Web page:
– Francis de Sales
Not Even Close to Perfect
Paul told Timothy that “the aim of our charge is love that issues from a pure heart and a good conscience and a sincere faith” (1 Tim 1:5) and said that Timothy had “sincere faith, a faith that dwelt first in your grandmother Lois and your mother Eunice and now, I am sure, dwells in you as well” (2 Tim 1:5). Now being sincere doesn’t mean perfection because someone can be sincere but sincerely wrong. Paul was stressing that Timothy’s faith should be sincere or genuine and not just for an outward show. Peter declares that this kind of love is “a sincere brotherly love, love one another earnestly from a pure heart” (1 Pet 1:22). That doesn’t mean that a pure heart means perfection, but that love emanates from a genuine or sincere love for one another. To be sincere is to admit imperfections, but it also means being who you are despite those imperfections.
No one likes a hypocrite or someone who is pretending to be someone they are not. There is strength in transparency, and confessing our faults to one another is a command. James writes to the church and says to “confess your sins to one another and pray for one another, that you may be healed. The prayer of a righteous person has great power as it is working” (James 5:16). Many came to John and were baptized but notice that they came “confessing their sins, they were baptized by him in the Jordan River” (Matt 3:6). When the church was growing, “many of those who believed now came and openly confessed what they had done” (Acts 19:18). Confession is good for the soul because “he who conceals his transgressions will not prosper, but he who confesses and forsakes them will find compassion” (Prov 28:13). You can’t be any more genuine or sincere than when you confess your sins and faults to others. That is a very humbling thing to do and shows that not one of us is perfect.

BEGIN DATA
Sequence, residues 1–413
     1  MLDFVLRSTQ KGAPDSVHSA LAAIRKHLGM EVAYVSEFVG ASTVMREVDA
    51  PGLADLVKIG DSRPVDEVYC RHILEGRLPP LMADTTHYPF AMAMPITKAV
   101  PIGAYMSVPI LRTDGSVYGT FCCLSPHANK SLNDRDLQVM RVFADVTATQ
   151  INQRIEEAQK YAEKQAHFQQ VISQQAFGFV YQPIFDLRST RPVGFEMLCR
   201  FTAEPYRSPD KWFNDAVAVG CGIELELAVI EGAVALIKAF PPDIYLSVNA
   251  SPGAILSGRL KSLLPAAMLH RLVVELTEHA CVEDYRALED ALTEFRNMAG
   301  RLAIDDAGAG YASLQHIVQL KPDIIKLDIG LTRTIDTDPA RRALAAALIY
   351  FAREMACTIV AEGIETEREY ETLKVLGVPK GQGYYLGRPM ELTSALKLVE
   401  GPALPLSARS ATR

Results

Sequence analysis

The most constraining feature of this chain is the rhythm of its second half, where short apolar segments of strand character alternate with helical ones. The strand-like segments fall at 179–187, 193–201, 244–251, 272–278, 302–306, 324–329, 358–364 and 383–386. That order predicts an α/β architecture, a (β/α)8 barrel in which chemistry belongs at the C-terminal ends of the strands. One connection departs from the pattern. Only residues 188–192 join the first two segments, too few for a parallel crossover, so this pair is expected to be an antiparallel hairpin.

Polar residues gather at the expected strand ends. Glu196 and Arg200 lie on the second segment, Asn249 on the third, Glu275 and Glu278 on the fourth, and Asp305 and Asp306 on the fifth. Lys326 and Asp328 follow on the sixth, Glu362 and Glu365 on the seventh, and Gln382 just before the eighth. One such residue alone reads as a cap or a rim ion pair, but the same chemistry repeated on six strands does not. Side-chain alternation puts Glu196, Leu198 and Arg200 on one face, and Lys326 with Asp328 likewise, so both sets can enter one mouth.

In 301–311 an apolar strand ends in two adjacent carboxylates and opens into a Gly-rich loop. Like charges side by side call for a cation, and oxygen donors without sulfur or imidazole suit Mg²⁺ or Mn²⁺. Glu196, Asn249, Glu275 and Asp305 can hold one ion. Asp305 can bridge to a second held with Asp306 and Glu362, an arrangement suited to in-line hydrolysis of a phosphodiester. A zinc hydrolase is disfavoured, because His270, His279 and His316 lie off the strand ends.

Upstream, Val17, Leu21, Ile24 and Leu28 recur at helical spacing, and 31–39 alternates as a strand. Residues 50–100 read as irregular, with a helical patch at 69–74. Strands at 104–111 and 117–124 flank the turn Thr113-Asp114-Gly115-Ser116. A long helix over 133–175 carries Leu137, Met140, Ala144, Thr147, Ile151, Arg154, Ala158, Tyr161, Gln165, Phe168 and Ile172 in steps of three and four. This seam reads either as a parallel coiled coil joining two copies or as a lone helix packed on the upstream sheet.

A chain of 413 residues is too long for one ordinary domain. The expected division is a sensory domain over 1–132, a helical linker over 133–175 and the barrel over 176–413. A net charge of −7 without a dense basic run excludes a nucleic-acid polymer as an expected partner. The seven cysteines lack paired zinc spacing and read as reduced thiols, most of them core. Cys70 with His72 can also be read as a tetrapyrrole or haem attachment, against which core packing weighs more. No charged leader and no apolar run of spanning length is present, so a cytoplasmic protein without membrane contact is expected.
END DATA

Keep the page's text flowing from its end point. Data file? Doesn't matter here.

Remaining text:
Part of being who you are is not pretending to be someone or something you are not. That’s called hypocrisy. God hates any kind of hypocrisy. Jesus described the leaven of the Pharisees as hypocrisy (Luke 12:1). They tried to trick Jesus by acting sincere, but He knew they were doing it in hypocrisy (Mark 12:15), and whoever tries to appear righteous is full of hypocrisy (Matt 23:28). Hypocrites like to do things to be seen by others (Matt 6:2). They try to act religious but forget about mercy and justice (Matt 23:23). They look good on the outside but inwardly are full of dead men’s bones (Matt 23:27). They are acting like someone they actually aren’t and not trying to be who they really are: sinners in need of a Savior.
Jesus detests when people act religious and pretend to be something they are not. I am not guiltless in this either. If only we could all be who we are, warts and all, and not try to be religious because it’s not about religion, but about a relationship.